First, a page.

There was a small clinical trial, by Mark Ratain, M.D., of the University of Chicago, that suggests that it is possible to take a lower dose of Zytiga (abiraterone) along with a low-fat breakfast and achieve a response similar to the one we would expect to see with a full dose on an empty stomach.
Sub-group analysis of the clinical trial ERA 223 signal that the concerns about the use in combination of Zytiga and Xofigo might not cause a significant increase in the risk for developing bone fractures if a man is also simultaneously on a bone targeted therapy.
Why are Zytiga and Xtandi added to ADT and not substituted for ADT? Do I really need to continue ADT when I use Xtandi or Zytiga?
The standard dose of abiraterone acetate (Zytiga) is 1,000 mg. taken on an empty stomach, however, when just 250 mgs are taken with food, it seems that for many men this lower dosage has the same activity as Zytiga at 1,000 mg without food.
Recently presented data has shown that there is a clinical improvement in median radiologic progression-free survival (rPFS) when olaparib (Lynparza) is used in combination with abiraterone (ZYTIGA) compared to abiraterone alone in men with metastatic castration-resistant prostate cancer (mCRPC).
Once a man is castrate resistant and moves on a second line hormone therapy drug like Zytiga or Xtandi (aka AR inhibitors) it is inevitable that the Zytiga or Xtandi will also become ineffective.
When this happens, the question that comes is what should be the next treatment? Generally, the options currently available are either to move to the drug not initially used ( Zytiga if Xtandi was first used or Xtandi if Zytiga was used) or instead to use taxane chemotherapy (Taxotere aka docetaxel).
Since the approvals for the early use of docetaxel chemotherapy (Taxotere) and the early use of abiraterone acetate (Zytiga) there is no clear evidence demonstrating which of these two agents should be used for men with hormone sensitive, newly diagnosed, aggressive prostate cancer.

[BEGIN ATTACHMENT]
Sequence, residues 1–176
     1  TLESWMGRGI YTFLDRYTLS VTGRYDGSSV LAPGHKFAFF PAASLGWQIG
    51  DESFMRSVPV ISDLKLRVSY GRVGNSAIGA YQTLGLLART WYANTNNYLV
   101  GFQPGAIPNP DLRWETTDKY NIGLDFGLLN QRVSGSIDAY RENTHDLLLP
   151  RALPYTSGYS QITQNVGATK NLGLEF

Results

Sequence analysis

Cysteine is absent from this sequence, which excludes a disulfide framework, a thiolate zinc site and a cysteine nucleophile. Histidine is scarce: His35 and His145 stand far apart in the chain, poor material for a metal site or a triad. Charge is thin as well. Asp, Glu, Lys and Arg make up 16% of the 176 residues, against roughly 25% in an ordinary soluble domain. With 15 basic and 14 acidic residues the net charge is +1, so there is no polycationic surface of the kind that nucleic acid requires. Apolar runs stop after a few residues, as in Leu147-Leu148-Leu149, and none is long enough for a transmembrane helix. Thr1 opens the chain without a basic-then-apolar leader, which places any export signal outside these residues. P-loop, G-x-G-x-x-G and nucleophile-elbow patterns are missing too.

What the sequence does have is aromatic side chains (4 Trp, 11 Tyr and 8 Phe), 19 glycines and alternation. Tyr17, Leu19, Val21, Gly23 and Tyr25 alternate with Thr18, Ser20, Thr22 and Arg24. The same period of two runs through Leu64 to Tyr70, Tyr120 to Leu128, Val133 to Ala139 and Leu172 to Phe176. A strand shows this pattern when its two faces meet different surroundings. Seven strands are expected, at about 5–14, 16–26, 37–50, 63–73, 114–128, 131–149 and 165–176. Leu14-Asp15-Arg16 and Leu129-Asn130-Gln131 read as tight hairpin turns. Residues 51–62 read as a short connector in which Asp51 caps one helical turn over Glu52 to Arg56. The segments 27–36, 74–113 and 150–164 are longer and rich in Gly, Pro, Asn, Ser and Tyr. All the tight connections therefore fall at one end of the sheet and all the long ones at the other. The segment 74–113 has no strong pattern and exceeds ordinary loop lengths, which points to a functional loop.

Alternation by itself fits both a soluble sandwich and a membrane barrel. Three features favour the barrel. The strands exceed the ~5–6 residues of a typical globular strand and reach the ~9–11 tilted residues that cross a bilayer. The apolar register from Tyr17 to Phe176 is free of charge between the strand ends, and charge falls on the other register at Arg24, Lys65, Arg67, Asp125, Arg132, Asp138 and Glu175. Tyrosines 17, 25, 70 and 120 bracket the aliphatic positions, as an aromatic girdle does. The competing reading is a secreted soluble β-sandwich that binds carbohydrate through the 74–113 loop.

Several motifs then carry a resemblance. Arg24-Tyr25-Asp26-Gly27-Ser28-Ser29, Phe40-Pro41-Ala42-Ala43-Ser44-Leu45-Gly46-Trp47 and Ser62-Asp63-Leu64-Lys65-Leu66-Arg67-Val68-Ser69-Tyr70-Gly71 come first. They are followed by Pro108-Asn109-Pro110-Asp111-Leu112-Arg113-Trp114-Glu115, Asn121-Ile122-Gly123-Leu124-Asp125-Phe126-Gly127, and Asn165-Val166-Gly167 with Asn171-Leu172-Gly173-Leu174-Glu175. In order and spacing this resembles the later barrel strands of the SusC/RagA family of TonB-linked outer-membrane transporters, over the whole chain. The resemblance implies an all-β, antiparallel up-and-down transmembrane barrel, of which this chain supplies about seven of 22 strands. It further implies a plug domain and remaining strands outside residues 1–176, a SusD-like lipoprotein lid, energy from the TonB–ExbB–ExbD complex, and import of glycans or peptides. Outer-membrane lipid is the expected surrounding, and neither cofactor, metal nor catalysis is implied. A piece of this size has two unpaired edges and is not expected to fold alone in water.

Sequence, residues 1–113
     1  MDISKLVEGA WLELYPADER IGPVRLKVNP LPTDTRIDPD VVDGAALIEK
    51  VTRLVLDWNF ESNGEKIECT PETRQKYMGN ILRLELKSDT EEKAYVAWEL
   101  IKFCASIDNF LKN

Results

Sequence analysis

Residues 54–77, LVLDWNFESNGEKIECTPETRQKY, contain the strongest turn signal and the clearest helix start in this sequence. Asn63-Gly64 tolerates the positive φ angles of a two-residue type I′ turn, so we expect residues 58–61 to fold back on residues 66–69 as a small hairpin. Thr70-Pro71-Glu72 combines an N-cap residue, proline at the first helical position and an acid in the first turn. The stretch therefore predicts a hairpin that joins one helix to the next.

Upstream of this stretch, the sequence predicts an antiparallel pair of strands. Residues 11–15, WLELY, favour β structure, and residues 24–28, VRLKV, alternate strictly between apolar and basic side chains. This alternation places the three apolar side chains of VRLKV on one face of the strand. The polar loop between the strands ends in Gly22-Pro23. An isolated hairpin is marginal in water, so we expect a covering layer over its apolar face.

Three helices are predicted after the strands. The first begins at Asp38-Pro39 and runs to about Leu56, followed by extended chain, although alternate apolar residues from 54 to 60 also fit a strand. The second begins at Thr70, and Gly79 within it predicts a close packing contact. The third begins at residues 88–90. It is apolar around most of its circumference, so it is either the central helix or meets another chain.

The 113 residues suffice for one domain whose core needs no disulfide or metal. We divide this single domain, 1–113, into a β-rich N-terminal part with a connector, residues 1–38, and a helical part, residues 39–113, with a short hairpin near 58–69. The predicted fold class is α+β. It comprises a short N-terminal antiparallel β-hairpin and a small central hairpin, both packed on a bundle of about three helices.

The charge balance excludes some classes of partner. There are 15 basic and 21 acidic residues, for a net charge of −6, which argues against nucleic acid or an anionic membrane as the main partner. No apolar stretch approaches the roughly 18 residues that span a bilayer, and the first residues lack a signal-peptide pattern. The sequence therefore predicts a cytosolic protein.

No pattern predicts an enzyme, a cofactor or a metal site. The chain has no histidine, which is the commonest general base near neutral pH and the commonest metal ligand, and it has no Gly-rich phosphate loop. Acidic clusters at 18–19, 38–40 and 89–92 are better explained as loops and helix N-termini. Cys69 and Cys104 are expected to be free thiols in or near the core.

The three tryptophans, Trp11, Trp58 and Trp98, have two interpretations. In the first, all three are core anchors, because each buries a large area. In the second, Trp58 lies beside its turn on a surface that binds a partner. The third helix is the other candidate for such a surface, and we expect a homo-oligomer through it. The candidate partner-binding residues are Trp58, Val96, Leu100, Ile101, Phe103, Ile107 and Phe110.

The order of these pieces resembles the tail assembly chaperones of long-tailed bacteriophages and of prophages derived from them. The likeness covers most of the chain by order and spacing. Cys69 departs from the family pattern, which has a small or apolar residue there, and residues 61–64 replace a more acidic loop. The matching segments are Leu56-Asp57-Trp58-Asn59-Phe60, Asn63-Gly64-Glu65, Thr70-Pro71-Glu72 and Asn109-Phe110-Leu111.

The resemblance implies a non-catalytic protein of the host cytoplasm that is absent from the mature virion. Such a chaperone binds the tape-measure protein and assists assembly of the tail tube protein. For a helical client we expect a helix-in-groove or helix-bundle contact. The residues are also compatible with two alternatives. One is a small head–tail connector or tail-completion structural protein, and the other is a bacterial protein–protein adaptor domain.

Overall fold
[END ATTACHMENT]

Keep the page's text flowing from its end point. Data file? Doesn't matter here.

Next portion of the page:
The U.S. Food and Drug Administration (FDA) has approved a generic version of Zytiga, the new drug’s name is Yonsa. It is a novel formulation of abiraterone acetate that needs to be used in combination with methylprednisolone for the treatment of men with metastatic castration-resistant prostate cancer (mCRPC).
Statins have been in the prostate cancer news feeds for a long time. They are believed to potentiate the effects of the anti-hormonal agents used to treat metastatic castration-resistant prostate cancer (mCRPC). Different stages of prostate cancer as well as different treatment exposures might change the efficacy of statins.
The European Medicines Agency (EMA) has recommended halting the use of the Xofigo (radium-223 dichloride) in combination with Zytiga (abiraterone acetate) and prednisone due to a possible increased risk of death and fractures.
Both Taxotere (docetaxel) and Zytiga (abiraterone) are approved for newly diagnosed men with very aggressive prostate cancer and who have not yet had any exposure to hormone therapy (ADT).
The two approvals lead us to the question, which of these treatment options would be best for you?
You have become castrate resistant and already have taken Provenge. Now, what treatment should be next? Currently, the two best options are either Zytiga (abiraterone) or Xtandi (enzalutamide). Which should come first?
One of the most puzzling questions faced by men with advanced prostate cancer has to do with deciding which drug to take first, Zytiga (abiraterone) or Xtandi (enzalutamide)?
The FDA has been asked to expand Zytiga's label to allow its use to treat men with earlier stages of metastatic prostate cancer.
On the horizon, a new Zytiga formulation. It's smaller and more active than the current Zytiga. It will be much easier to swallow.
Two game changing trials demonstrated that the early use of Zytiga along with hormone therapy (ADT) can provide a significant survival advantage for men with aggressive, hormone naive prostate cancer. The data is very clear for men with metastatic disease, but there remains some controversy if this holds up for men who are not metastatic.
Zytiga (abiraterone acetate) is now available in a new dosage and a new formulation. Zytiga can now be dispensed in tablets that are 500 mg instead of 250 mg and these new 500 mg tabs are film coated.